Guerrina said...

The Happy Hollisters????? This is the first time I've heard anyone else ever read them!!!!! I loved them...even tried to start a detective club with some cousins LOL! If we were poor growing up, I didn't know it. We didn't have money for braces, sailing lessons, tennis lessons, etc. like a lot of my friends' families did, but we sure knew how to have fun without! I grew up in what is still a village...fished...crabbed...swam...ice skated for hours and days at a time...hooked on reading...learned to use a sewing machine & a typwriter while still in grammar school...(and YES I did walk a mile each way to school (K-6)even in blizzards)...had B&W TV, but spent more time outside than watching TV inside, Disney showed a movie early on Sunday nights long before cable...I love my childhood...never knew we were lacking, because we weren't in all that mattered!

Anonymous said...

Wonderful post that makes us all thankful for our experiences! I remember when we were first married and my parents had come to visit but were at my brothers about 200 miles away and we had planned a family weekend together. The only problem was we had no gas money to get there and I hated to borrow. I ended up asking my Dad if we could borrow some money, he quickly said sure, how much do you need, I said 75 to a hundred dollars, he responded very casually with 75 hundred dollars, what are your plans? I had hated to ask and was near tears anyways as I quickly explained what I said. My Dad willing to help us out at any expense was pure love.

Anonymous said...

Someone just commented on Sunday night Disney movies, that was a popcorn family event in our house every Sunday. Oh the memories!

Anonymous said...

Thanks for the beautiful stories of your childhood. My mother grew up during the Depression and always told stories of great struggles as she was one of 13 children. They raised their own food so they always had something to eat, but sometimes no shoes and their dresses were made out of old curtains.

So Mom always made sure we were well fed and clothed. However, when I married, we were VERY poor moneywise. We sort of "eloped" and I even gave up my car since I could not afford the payments. My husband had just come back from Vietnam and was totally unsettled. We lived with friends for the first few months after marriage and finally got a small apartment when my husband found a job. We could not afford to turn on the gas for the stove, so we cooked out of an electric skillet...really not so bad. We could not afford a refrigerator; so thankfully it was winter and we lived where it was really cold, so we put our milk, etc. in a cooler on the back porch. Nine months after we got married, our son was born. We had to borrow a car to get to the hospital.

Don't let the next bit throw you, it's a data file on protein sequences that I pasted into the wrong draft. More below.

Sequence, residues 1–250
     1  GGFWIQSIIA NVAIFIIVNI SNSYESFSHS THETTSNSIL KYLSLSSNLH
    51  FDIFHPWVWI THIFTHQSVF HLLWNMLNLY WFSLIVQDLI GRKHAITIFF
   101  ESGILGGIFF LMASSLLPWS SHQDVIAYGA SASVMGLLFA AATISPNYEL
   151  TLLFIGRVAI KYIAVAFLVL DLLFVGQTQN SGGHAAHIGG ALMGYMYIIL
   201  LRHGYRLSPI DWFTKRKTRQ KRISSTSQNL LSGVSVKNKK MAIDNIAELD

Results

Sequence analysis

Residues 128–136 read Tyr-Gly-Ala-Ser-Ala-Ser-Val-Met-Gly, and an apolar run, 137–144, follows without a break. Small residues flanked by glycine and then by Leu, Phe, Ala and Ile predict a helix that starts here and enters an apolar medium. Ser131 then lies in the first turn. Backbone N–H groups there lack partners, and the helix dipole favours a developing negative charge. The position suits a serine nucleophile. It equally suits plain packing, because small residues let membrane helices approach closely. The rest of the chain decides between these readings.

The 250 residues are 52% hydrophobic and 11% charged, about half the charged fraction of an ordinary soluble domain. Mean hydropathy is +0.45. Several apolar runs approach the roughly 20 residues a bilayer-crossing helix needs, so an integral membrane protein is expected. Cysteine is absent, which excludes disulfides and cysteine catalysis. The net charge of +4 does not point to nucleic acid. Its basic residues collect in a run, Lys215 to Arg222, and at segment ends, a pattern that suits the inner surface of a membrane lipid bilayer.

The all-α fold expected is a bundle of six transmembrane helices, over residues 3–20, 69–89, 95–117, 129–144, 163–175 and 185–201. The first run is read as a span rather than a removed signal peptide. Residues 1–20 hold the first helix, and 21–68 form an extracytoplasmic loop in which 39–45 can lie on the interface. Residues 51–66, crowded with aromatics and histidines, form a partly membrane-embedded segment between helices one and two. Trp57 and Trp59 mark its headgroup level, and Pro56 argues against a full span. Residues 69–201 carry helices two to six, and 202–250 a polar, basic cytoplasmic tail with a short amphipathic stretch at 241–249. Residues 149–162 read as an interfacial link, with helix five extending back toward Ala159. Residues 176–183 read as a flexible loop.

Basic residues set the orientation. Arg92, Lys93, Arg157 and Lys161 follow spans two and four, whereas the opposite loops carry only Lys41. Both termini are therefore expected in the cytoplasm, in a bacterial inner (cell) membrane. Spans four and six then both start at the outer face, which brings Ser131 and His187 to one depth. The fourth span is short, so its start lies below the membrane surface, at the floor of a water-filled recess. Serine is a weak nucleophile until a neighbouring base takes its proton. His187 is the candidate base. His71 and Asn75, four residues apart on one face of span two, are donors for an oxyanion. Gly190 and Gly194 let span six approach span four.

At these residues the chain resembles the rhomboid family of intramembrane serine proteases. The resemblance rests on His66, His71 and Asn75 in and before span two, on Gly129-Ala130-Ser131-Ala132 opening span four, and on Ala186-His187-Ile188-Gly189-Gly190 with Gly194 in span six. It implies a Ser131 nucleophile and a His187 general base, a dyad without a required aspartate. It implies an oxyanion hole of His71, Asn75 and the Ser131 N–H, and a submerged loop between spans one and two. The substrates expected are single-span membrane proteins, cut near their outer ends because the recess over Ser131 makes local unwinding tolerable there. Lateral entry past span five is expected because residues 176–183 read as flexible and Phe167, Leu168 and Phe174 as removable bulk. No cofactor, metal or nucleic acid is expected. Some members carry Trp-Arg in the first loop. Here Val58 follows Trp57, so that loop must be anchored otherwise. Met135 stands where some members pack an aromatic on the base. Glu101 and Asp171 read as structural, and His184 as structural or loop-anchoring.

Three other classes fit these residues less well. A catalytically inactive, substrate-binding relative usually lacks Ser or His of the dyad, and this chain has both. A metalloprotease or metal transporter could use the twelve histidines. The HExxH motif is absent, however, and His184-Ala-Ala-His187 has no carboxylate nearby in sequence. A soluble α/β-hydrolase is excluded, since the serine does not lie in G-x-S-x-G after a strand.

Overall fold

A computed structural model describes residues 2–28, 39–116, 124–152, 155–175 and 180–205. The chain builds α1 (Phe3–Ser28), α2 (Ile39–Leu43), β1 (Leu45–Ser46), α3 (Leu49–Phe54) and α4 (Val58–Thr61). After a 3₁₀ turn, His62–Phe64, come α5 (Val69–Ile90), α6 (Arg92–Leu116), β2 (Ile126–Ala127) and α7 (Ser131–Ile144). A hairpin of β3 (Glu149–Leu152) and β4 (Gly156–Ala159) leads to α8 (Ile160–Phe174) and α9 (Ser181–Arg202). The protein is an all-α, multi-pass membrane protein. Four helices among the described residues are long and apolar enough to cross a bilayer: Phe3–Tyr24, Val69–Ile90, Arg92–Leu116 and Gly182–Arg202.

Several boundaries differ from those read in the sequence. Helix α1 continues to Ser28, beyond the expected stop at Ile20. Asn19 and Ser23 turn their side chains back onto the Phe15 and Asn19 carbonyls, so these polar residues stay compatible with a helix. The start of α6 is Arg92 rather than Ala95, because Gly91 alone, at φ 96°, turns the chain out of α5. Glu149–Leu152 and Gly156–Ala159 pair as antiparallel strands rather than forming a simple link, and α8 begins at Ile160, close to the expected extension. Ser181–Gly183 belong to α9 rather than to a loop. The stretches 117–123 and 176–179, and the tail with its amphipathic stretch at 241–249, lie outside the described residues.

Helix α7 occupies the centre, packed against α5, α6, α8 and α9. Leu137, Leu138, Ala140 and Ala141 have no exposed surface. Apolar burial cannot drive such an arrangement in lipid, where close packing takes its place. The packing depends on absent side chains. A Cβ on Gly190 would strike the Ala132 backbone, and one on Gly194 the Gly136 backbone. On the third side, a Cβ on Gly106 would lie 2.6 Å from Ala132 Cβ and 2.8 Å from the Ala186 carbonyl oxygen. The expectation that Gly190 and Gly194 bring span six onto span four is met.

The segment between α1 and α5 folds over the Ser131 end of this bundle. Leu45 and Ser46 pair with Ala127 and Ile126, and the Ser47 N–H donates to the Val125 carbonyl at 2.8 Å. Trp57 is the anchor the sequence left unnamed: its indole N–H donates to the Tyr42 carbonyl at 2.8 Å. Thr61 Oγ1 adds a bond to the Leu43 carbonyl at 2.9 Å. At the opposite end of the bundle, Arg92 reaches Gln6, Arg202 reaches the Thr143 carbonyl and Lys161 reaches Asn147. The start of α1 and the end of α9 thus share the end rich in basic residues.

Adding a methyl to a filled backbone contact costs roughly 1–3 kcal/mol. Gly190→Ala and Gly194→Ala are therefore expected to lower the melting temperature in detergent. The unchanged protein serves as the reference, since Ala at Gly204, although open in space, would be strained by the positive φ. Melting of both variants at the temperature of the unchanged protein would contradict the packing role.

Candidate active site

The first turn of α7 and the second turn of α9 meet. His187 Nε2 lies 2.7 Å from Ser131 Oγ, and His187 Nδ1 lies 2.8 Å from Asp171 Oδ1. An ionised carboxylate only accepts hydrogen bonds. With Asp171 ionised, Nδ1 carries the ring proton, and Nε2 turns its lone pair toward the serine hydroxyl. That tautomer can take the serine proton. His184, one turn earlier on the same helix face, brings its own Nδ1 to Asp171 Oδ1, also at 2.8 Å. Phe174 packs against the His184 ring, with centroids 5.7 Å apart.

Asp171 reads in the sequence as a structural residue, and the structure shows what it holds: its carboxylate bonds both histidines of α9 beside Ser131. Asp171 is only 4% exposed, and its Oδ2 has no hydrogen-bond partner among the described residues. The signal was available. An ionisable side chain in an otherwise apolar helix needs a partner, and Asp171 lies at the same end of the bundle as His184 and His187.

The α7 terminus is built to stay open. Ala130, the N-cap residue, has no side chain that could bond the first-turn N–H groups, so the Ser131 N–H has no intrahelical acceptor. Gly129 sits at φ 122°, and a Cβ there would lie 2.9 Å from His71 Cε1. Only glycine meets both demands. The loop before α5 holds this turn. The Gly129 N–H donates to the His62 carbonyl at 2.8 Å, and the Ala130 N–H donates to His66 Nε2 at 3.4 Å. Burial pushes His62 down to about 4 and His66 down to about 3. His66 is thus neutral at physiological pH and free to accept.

As I write these things now, it brings back many old memories. I never regretted the "poor" times because I learned so much from them. We are now living the normal middle class life with 2 cars and a home that is almost paid for (after 40 years of marriage). I guess we are more comfortable, whatever that means, but realize we are happy with or without "things" and money.

A said...

Thank you SO MUCH for sharing. I grew up in North Dakota. My parents would say we can not afford this or that but maybe next payday. I believed I grew up living from paycheck to paycheck. I started babysitting at age ten. I learned very fast to really think about each purchase. Do I really need that shirt or jeans? I spent this many hours of babysitting to be able to purchase this. How much do I really want or need this item? After I was in my middle twenties I learned they lived on a small income and invested the rest but none in the stock market. Today at sixty-five and seventy-one they do not have to worry about money but are still VERY thrifty and careful with each purchase. I am so so thankful for how I was raised. When I first married at twenty to an active duty Air Force soldier he made less then eight hundred fifty dollars. We had rent, car payment, and debt he had brought into the marriage. Today we have four boys, homeschool, and still llive on a tight budget. We have many medical bills as well. Thank again for sharing!

Caroline said...